Proton pump inhibitor administration in neonates and infants. Lack of consensus - An ASPO survey
OBJECTIVE:Laryngopharyngeal and Gastroesophageal reflux (LPR and GER) are distinct clinical entities that present with a range of non-specific symptoms. The exact prevalence in the pediatric population is unknown. While there has been an increase in the use of PPIs, lack of clear guidelines, conflicting evidence regarding efficacy and safety concerns with long-term use require physicians to use their own anecdotal experience and clinical judgement when treating patients. The goal of this study was to evaluate practice patterns among pediatric otolaryngologists regarding the use of proton-pump inhibitors for reflux-related conditions. METHODS:A survey was submitted to American Society of Pediatric Otolaryngology (ASPO) members to determine practice patterns regarding use of PPIs for reflux-related conditions in the newborn and infant population. Statistical analysis using Fisher's exact test was performed. RESULTS:37% of respondents would not prescribe PO PPIs in neonates, with 50% not prescribing IV PPIs. 60% would prescribe a PPI as second or third-line treatment for infants (10 weeks to 1-year). Only 10% would prescribe as first-line in this age group. 48% would prescribe PPIs once daily and 19% as BID. No significant practice differences exist based on years of experience, number of relevant patients seen, and setting of practice. CONCLUSION/CONCLUSIONS:There was no agreement regarding dosage, frequency and duration of PPI treatment for reflux disease in neonates and infants. There was also no correlation with experience or practice setting. This emphasizes the need for a multidisciplinary approach and consensus statement to guide management of GER and LPR in this population.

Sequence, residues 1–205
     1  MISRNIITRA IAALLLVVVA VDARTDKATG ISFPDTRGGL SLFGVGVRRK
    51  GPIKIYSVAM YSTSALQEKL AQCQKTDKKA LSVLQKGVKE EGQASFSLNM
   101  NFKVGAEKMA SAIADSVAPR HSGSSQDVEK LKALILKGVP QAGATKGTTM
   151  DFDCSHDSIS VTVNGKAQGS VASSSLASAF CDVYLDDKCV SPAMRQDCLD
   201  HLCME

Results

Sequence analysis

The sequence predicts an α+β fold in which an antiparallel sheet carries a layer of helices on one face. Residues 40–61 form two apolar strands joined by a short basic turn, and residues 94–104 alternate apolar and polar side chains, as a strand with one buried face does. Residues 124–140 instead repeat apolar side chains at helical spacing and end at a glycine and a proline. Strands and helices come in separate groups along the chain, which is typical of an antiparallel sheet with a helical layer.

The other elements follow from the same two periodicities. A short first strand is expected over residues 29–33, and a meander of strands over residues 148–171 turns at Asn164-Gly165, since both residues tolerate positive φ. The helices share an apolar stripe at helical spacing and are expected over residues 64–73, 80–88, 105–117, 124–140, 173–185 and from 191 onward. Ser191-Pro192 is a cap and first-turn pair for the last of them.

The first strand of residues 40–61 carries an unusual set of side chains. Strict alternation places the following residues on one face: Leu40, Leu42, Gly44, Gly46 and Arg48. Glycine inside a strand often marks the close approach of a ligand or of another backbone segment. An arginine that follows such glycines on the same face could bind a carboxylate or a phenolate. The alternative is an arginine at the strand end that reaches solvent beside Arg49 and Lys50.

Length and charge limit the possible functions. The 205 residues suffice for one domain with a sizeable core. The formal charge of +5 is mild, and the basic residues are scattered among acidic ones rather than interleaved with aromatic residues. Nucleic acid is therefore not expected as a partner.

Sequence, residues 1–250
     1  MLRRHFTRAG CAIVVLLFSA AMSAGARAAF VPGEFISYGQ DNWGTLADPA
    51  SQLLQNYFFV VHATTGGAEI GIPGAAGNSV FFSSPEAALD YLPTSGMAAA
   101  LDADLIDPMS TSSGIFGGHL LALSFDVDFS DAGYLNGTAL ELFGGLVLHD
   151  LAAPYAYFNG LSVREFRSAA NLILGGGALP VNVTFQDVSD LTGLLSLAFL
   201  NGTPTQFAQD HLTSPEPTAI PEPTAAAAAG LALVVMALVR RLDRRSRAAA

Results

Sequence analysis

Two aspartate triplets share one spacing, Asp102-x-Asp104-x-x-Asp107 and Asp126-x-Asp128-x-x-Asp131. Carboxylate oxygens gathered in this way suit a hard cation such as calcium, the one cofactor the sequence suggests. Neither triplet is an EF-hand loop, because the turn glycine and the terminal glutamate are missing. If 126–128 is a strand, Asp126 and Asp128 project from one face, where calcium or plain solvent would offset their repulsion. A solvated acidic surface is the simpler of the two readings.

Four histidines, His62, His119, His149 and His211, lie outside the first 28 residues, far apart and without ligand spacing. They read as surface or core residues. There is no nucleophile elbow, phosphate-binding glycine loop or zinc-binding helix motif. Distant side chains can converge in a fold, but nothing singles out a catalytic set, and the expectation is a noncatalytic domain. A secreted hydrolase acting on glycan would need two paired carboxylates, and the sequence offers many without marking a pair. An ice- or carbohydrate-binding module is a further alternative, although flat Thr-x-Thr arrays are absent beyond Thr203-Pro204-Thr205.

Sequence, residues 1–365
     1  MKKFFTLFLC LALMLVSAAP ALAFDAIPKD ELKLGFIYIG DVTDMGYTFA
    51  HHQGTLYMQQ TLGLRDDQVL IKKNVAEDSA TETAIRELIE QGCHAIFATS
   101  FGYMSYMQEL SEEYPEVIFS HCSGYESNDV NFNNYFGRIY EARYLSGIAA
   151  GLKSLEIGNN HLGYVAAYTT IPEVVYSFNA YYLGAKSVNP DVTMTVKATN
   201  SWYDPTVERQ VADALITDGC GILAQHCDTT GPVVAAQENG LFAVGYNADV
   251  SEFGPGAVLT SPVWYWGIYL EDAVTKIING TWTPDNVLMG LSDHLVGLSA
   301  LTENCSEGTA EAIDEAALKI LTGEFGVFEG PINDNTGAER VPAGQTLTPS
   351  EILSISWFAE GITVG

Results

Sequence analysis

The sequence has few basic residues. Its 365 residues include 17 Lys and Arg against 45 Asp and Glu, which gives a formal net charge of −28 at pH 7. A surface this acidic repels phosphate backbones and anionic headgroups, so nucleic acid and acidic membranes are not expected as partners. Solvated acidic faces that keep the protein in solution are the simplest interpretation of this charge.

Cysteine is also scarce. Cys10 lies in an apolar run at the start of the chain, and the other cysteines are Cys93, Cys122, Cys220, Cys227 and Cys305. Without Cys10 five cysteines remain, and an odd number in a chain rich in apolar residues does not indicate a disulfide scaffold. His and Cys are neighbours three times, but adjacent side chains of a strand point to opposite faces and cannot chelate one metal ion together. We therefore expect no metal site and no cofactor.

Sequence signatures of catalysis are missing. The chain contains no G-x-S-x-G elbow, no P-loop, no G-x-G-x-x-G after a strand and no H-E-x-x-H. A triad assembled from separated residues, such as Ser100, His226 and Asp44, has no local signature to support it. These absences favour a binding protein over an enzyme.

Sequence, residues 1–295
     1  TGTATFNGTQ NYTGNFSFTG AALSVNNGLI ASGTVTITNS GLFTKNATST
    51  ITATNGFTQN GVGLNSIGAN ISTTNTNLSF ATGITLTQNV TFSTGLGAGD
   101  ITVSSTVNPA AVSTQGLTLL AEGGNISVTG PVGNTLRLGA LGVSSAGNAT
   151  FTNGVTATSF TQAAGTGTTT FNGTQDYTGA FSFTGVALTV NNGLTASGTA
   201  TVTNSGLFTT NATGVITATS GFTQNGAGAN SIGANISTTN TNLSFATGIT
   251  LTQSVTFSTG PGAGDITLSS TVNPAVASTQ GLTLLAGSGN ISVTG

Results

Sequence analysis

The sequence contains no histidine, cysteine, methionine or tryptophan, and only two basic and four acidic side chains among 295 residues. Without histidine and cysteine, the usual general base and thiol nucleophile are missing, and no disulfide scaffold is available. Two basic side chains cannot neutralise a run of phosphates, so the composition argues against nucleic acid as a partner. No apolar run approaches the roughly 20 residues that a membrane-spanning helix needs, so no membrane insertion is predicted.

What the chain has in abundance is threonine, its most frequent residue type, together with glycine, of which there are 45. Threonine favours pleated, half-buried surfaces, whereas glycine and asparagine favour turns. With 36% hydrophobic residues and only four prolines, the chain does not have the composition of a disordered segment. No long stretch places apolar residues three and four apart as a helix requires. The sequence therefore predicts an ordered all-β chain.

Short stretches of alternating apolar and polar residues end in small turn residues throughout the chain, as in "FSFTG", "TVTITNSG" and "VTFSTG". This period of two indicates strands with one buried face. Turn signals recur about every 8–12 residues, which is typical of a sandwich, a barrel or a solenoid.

Size and Prevalence of Pediatric Aerodigestive Programs in 2017
OBJECTIVE:Pediatric aerodigestive programs appear to be rapidly proliferating and provide multidisciplinary, coordinated care to complex, medically fragile children. Pediatric subspecialists are considered essential to these programs. This study evaluated the state of these programs in 2017 by surveying their size, composition, prevalence, and the number of patients that they serve. METHODS:The North American Society for Pediatric Gastroenterology, Hepatology, and Nutrition Aerodigestive Special Interest Group leadership distributed an 11-question survey to the Pediatric Gastroenterology International Listserv. The mean time of the programs' existence, number of half-day clinics, number of procedure days, number of patients evaluated, and the lead primary specialty were evaluated. RESULTS:Thirty-four programs responded. Twenty-five were based in academic centers. Thirty-one programs were located across the United States. The average time of program existence was 5.3 years (standard deviation [SD] = 4.3; range 1-17 years). Approximately 64.7% were started in the past 5 years. Twelve programs were based in the division of gastroenterology. The average number of gastroenterologists serving aerodigestive programs was 2 (SD = 1.1). The mean number of half-day clinic sessions and procedure days were 2.8 (SD = 2.9) and 2.6 (SD = 2), respectively. New and follow-up visits per year in each program averaged 184 (SD = 168; range 10-750). CONCLUSIONS:Pediatric aerodigestive programs are prevalent, proliferating, and serve a large number of complex patients across North America and the world. This survey demonstrated that programs are predominantly based in academic settings. The number of patients cared for by aerodigestive centers varies widely depending on size and age of program.
Airway and esophageal eosinophils in children with severe uncontrolled asthma